Archaeologists working in Israel recently uncovered 13,000-year-old evidence of ancient beer. The discovery predates the previously-accepted origin of brewing by around six thousand years, and supports a 60-year-old hypothesis that mankind may have domesticated cereals for beer production, not bread.
The research team, led by Stanford University professor of Chinese archaeology Li Liu, uncovered brewing tools used by the ancient Natufian people at a graveyard site near Haifa, Stanford News reports. The tools, including stone mortars, contained evidence of beer brewing in collected residue samples.
The team’s findings were published in a paper in the “Journal of Archaeological Science: Reports.” In the paper, Liu notes the earliest bread remains, which were recently uncovered in another Natufian site, could be anywhere from 11,600 to 14,600 years old. The brewing tools uncovered in Israel are between 11,700 to 13,700 years old, meaning that brewing could potentially be older than bread.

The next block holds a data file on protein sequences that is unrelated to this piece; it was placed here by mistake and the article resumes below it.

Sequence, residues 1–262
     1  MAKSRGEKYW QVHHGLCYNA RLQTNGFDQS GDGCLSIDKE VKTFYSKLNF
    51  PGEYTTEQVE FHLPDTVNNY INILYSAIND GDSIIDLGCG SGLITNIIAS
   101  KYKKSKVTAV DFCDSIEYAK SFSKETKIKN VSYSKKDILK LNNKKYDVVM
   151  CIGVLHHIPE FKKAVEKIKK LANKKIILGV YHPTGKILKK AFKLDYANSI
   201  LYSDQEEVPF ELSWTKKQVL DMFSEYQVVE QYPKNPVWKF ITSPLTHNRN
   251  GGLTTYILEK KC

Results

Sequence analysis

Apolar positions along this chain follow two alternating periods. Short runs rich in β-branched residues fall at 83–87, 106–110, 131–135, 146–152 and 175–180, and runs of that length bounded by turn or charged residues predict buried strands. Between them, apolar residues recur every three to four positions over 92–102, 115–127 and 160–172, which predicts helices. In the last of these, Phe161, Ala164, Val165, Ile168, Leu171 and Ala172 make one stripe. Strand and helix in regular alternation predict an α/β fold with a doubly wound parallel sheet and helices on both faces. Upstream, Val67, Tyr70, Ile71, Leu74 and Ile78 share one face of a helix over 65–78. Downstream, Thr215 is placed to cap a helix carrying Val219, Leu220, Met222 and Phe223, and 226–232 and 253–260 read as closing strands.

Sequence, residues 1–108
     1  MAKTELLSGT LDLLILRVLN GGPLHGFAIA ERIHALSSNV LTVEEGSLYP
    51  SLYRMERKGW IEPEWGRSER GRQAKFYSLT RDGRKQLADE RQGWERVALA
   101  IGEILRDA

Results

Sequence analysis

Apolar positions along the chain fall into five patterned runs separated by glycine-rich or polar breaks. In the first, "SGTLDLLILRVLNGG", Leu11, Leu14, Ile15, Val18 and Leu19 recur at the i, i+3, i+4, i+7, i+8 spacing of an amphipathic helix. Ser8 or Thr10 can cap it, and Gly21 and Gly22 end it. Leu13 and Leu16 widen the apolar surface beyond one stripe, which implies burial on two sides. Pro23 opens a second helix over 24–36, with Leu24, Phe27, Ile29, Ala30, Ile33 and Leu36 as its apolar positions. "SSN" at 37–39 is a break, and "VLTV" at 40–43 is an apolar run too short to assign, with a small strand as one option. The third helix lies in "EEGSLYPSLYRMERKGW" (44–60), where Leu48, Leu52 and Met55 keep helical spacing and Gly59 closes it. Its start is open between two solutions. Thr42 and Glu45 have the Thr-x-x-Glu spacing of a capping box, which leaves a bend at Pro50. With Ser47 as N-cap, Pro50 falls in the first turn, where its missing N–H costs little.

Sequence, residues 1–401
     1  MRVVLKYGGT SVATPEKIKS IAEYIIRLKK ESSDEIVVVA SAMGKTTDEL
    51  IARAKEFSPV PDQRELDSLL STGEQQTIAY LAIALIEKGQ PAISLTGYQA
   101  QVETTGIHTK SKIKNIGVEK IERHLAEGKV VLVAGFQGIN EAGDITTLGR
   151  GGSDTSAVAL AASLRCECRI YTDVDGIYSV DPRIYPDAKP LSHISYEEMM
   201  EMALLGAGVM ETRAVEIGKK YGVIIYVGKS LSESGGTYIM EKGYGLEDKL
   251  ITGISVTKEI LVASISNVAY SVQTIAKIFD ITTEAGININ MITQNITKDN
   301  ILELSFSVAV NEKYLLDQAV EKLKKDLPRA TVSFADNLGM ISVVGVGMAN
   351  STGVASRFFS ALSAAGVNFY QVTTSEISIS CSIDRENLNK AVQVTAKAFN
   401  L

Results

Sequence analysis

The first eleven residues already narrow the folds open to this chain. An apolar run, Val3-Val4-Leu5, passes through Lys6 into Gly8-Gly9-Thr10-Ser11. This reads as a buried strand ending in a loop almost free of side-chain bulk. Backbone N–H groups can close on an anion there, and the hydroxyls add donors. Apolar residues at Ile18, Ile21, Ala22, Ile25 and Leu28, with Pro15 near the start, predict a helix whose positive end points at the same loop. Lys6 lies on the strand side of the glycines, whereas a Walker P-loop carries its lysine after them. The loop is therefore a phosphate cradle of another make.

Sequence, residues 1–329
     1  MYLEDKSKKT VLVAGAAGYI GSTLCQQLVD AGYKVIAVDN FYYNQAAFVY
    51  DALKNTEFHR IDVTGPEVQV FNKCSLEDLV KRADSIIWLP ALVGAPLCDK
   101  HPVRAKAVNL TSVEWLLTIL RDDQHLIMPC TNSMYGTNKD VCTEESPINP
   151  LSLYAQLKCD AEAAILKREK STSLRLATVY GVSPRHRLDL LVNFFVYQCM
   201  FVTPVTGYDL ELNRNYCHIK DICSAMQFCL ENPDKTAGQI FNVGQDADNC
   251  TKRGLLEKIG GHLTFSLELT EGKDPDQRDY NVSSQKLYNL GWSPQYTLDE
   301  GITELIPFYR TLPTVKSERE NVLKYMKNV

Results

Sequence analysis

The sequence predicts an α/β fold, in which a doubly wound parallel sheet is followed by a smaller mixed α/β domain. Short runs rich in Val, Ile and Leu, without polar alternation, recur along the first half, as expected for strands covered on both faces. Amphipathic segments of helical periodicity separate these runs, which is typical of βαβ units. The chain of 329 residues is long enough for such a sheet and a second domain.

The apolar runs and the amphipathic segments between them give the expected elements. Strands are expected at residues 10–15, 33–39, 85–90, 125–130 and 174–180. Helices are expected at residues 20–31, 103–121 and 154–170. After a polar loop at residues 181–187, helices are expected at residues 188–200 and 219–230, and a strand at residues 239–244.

“This accounts for the oldest record of man-made alcohol in the world,” Liu said to Stanford News.
Regardless of whether beer or bread came first, both discoveries precede evidence of domesticated cereals in the area, which are believed to have arrived around 4,000 years later.
“This discovery indicates that making alcohol was not necessarily a result of agricultural surplus production,” Liu said, “but it was developed for ritual purposes and spiritual needs, at least to some extent, prior to agriculture.”
The study’s co-author, Jiajing Wang, said, “Beer-making was an integral part of rituals and feasting, a social regulatory mechanism in hierarchical societies.”
The more things change, the more they stay the same, it seems.